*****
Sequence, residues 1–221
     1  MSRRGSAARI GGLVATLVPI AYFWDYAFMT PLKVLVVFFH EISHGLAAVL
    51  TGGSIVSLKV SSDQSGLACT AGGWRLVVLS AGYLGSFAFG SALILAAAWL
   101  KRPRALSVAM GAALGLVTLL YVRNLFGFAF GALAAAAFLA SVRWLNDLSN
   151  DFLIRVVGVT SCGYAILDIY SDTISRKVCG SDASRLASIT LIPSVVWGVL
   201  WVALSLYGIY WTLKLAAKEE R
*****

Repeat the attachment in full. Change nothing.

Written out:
Sequence, residues 1–221
     1  MSRRGSAARI GGLVATLVPI AYFWDYAFMT PLKVLVVFFH EISHGLAAVL
    51  TGGSIVSLKV SSDQSGLACT AGGWRLVVLS AGYLGSFAFG SALILAAAWL
   101  KRPRALSVAM GAALGLVTLL YVRNLFGFAF GALAAAAFLA SVRWLNDLSN
   151  DFLIRVVGVT SCGYAILDIY SDTISRKVCG SDASRLASIT LIPSVVWGVL
   201  WVALSLYGIY WTLKLAAKEE R